CONCLUSION

Based on the foregoing, the judgment appealed from is affirmed.   All costs of this appeal are assessed to appellants.   The case is remanded to the trial court for proceedings consistent with this opinion.

AFFIRMED AND REMANDED.

I respectfully dissent from the majority's determination that the quasi-judicial immunity of the Louisiana State Board of Nursing entitles it to “absolute immunity as to claims for money damages based upon a wrongful administrative adjudication.”  Louisiana Revised Statute 37:931 states in part:

B. There shall be no liability on the part of and no action for damages against any member of the board, its officers, employees, agents, or representatives for any action undertaken or performed by such individual within the scope of the duties, powers, and functions of the board when acting without malice and in the reasonable belief that the action taken is within the board's and such individual's authority.  (Emphasis supplied.)

Mrs. Talbert alleged that her license was maliciously, unreasonably and wrongfully suspended, and in violation of due process.   The causes of action are against the Board, rather than against the individual members of the Board.   Among other damages, Mrs. Talbert seeks restitution of lost wages, lost sick leave, and lost 401 K contributions.

Any immunity of the Board as a result of its actions is limited by the express conditions of the absence of malice and the reasonableness of its belief.   See Quina v. Orleans Parish School Board, 224 So.2d 835, 840 (La.App. 4th Cir.1969).   Although Mrs. Talbert may experience an uphill battle in her attempt to demonstrate the existence of malice or lack of reasonableness on the part of the Board, these causes of action against the Board remain statutorily authorized.    Thus, the procedural vehicle of an exception based on an objection of no cause of action is not apposite to the allegations of malice and lack of reasonableness brought in the petition.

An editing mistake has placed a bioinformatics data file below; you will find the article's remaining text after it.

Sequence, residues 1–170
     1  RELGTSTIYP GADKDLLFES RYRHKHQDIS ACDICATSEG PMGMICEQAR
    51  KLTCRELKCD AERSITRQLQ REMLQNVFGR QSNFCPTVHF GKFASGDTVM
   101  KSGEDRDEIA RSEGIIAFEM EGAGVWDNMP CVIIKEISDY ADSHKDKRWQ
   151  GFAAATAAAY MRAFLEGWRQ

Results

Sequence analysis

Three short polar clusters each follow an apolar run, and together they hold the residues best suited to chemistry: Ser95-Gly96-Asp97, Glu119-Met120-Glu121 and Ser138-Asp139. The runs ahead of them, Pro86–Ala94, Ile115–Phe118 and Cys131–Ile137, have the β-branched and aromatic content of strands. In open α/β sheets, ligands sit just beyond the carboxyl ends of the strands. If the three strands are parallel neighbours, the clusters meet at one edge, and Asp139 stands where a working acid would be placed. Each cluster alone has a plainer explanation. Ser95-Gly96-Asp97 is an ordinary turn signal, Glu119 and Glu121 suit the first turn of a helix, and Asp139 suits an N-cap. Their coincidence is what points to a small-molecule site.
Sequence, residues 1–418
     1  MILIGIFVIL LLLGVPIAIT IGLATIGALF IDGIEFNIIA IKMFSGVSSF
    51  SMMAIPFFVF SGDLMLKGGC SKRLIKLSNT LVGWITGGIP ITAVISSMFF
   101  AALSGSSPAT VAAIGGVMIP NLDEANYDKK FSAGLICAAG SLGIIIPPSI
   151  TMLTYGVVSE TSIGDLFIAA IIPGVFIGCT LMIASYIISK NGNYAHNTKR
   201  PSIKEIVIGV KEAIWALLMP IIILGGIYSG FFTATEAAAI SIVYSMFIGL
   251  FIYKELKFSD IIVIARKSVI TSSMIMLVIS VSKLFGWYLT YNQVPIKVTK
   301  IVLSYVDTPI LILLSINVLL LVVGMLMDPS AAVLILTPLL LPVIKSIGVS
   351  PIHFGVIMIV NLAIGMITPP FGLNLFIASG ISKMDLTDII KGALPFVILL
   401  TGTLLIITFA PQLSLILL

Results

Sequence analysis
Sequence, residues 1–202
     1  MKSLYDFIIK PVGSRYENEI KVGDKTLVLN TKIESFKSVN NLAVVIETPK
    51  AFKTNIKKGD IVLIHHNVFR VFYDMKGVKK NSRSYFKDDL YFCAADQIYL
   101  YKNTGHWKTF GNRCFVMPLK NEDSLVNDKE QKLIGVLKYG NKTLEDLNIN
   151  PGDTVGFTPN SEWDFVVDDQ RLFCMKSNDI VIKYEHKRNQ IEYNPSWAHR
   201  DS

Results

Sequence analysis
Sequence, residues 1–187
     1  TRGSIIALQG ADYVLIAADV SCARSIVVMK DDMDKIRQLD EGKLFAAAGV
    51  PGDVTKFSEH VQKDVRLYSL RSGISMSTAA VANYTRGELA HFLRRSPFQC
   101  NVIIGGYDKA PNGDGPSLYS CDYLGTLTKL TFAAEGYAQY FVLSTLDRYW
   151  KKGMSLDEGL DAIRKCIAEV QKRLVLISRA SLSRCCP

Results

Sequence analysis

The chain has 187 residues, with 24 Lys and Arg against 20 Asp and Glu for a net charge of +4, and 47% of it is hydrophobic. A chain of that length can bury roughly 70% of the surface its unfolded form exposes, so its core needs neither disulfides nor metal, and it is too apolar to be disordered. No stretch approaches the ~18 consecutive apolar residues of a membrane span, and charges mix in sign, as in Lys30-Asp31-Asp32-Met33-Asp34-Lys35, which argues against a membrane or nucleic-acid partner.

Additionally, Mrs. Talbert is correct in her assertion that she should have been granted the opportunity to amend the petition if the grounds of the objection pleaded by the peremptory exception may be removed by such amendment.

It is for these reasons that I dissent.

FOOTNOTES

1.   The Talberts also sued American Medical Labs, Inc., Professional Recovery Network and The Center for Families.   On August 14, 2002, American Medical Labs was dismissed from the lawsuit.

 FOIL, J.

FITZSIMMONS, Judge, dissents and assigns reasons.